Gase attended Michigan State University while Nick Saban was the coach and was able to work under Saban as a student assistant coach. When Saban left for LSU in 2000, Gase was the only assistant coach that he brought with him, a telling sign about the level of respect Saban had for Gase. “It was a conceptual thing with Adam, he just understood how things worked and he was willing to work and start from ground zero,” Saban said in an email to the New York Times.

From there, Gase spent the next 13 years bouncing around the NFL with the following jobs:

  • 2003-2007: Detroit Lions, scouting assistant, offensive assistant, and quarterbacks coach
  • 2008: San Francisco 49ers: offensive assistant coach
  • 2009-2014: wide receivers coach, quarterbacks coach, offensive coordinator
  • 2015: Chicago Bears: offensive coordinator

Along the way, he has worked with coaches that abide by a variety of offensive philosophies: the west coast system under Steve Mariucci, the Don Coryell-based digits system under Mike Martz, and the offense Peyton Manning ran to great success with the Indianapolis Colts.

An Ever Evolving Offensive Scheme that Adapts to his Personnel

It was that diversity of experience that shapes Gase’s offensive scheme now, which you cannot neatly fit into one package.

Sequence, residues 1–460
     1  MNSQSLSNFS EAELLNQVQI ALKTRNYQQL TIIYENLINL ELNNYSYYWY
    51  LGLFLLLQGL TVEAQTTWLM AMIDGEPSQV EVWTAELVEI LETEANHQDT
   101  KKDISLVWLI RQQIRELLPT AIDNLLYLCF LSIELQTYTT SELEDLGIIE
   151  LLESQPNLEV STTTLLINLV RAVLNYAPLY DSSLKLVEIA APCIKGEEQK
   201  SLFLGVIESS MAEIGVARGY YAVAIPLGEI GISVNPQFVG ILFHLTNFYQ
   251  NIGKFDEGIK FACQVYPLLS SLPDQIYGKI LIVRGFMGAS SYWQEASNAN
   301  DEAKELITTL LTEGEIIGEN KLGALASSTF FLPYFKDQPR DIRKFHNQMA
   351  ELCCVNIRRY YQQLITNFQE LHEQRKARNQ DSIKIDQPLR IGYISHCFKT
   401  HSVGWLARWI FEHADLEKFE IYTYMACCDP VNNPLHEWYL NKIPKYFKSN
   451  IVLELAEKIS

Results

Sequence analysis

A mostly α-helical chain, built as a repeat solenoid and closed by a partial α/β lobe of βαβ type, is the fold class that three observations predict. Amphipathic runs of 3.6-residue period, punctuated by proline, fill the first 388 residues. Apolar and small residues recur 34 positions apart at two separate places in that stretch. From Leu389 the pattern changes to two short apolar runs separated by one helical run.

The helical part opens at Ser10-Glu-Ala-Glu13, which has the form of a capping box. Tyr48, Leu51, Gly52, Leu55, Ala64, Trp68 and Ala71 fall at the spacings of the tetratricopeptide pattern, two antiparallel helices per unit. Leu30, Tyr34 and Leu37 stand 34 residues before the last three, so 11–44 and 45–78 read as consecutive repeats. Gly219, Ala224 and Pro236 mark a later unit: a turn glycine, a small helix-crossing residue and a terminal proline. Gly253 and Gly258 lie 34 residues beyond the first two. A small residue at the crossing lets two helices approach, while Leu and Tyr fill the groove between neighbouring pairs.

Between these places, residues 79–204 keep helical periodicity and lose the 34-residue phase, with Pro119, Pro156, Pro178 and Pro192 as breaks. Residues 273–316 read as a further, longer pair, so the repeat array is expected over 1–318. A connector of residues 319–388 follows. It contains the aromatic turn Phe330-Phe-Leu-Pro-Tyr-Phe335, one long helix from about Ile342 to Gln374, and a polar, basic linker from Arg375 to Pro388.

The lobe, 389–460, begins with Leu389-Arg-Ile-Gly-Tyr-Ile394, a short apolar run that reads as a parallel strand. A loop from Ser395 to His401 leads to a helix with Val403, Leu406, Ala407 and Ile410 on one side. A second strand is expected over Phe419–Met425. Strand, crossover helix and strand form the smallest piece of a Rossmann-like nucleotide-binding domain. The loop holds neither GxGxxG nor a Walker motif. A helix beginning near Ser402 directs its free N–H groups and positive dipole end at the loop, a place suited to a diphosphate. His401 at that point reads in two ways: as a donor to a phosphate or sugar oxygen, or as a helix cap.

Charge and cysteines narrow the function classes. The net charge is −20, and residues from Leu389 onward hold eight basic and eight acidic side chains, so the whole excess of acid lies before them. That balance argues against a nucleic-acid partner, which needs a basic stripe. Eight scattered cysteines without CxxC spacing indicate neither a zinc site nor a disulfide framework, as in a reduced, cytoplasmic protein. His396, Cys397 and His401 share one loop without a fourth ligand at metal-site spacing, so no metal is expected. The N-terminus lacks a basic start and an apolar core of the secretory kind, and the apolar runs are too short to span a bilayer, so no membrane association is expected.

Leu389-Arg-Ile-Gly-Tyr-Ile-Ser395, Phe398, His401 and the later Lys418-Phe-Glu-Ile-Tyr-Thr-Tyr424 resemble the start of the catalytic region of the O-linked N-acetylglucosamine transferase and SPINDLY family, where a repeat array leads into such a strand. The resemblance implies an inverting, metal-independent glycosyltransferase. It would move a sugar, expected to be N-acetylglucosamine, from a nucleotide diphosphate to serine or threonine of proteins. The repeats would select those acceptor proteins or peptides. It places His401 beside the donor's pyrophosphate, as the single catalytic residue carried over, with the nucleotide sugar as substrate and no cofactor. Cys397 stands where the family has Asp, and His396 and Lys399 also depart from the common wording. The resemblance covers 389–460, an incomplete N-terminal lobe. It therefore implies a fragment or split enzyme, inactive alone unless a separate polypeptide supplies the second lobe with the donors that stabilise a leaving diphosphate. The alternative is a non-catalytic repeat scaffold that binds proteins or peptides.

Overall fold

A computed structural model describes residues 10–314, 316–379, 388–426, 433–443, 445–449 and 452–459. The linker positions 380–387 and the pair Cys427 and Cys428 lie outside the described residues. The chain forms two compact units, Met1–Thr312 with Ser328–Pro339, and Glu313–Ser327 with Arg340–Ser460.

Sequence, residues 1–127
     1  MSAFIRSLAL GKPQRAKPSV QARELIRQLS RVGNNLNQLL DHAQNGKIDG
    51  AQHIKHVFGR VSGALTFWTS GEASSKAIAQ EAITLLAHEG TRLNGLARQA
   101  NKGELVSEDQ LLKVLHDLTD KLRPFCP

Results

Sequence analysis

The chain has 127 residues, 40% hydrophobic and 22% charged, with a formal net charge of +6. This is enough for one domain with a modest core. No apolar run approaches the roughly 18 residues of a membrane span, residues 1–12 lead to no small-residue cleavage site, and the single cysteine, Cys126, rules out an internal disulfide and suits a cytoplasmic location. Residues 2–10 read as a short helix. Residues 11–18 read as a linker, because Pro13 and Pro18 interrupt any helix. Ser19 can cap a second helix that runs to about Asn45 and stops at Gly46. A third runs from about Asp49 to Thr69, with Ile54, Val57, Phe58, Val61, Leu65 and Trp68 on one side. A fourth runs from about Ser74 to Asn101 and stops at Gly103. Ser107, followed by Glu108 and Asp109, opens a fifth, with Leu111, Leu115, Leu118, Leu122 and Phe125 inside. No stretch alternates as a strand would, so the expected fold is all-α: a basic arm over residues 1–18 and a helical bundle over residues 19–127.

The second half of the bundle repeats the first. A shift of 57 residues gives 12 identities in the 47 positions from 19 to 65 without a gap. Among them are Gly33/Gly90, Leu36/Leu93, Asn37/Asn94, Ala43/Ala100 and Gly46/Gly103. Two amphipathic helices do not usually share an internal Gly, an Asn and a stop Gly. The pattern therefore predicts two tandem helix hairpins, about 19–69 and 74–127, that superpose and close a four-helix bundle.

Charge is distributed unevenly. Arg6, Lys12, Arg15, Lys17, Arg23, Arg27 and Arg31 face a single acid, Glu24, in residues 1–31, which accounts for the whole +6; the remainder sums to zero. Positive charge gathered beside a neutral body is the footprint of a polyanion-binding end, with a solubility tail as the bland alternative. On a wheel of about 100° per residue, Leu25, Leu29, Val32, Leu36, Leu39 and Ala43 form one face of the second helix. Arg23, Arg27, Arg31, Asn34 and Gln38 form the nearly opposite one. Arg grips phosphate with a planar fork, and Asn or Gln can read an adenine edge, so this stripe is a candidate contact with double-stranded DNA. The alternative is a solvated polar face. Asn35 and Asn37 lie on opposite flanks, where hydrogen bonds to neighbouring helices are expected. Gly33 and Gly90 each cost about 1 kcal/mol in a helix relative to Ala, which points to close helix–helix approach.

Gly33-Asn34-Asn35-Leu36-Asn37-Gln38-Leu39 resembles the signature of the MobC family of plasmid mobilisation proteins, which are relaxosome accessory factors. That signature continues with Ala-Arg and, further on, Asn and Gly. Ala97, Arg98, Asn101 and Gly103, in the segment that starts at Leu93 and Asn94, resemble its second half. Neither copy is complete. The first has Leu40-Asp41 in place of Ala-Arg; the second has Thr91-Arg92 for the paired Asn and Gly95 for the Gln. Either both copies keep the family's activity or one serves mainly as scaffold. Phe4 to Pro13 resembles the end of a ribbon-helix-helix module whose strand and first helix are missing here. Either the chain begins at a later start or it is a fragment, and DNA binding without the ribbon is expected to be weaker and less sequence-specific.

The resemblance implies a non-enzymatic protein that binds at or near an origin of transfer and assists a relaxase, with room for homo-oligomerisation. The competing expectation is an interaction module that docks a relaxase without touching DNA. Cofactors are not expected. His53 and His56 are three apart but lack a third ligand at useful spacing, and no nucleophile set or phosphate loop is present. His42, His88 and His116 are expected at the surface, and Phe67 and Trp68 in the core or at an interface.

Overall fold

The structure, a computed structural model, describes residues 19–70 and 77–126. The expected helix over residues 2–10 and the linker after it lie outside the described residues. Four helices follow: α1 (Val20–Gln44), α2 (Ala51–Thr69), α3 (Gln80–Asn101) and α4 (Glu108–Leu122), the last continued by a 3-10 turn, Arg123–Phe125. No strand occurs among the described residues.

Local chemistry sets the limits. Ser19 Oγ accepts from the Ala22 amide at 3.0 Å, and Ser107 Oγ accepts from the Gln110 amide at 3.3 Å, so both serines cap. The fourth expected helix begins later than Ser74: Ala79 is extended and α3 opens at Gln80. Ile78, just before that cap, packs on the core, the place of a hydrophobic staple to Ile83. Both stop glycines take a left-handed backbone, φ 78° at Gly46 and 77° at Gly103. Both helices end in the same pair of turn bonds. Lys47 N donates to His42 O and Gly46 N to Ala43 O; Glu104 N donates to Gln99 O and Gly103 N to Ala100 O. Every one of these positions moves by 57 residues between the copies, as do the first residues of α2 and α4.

Looking over film of the offenses that Gase ran in Denver and Chicago, you see concepts from a number of different offensive systems. One minute the Broncos or Bears would call a Peyton Manning staple: the dig concept; the next, it’s a West Coast offense staple with the quick slants; and the next minute, its deep vertical passes from the Mike Martz/Air Coryell school of thought. Mixed in, you see some bubble screens, and of course, even a little no huddle, up-tempo offense (but relax, Eagles fans, it is used sporadically, not as an overriding philosophy).

The fact that Gase has married so many different passing concepts into one hodgepodge of an offense speaks to one of his greatest strengths: his ability to adapt to his personnel.

As Gase explained to Jenny Vrentas of SI.com: “The most important thing that I have learned in this whole experience since 2011 is every guy is different and you need to adjust your offense to who you have. Every team is functioning around the quarterback.”

To say that Gase has worked with a diverse set of quarterbacks would be an understatement. From the run first, throw third approach of Tim Tebow, to the statuesque pocket passer of Peyton Manning, to the middle ground provided by Jay Cutler, Gase has seen it all.

At each stop, he modified his offense to maximize what his quarterback did best. With Tebow, it was a run first offense with simple passing concepts and designed quarterback runs to mask Tebow’s obvious flaws. The Broncos lead the NFL in rushing attempts with 546, while ranking dead last in passing attempts with 429.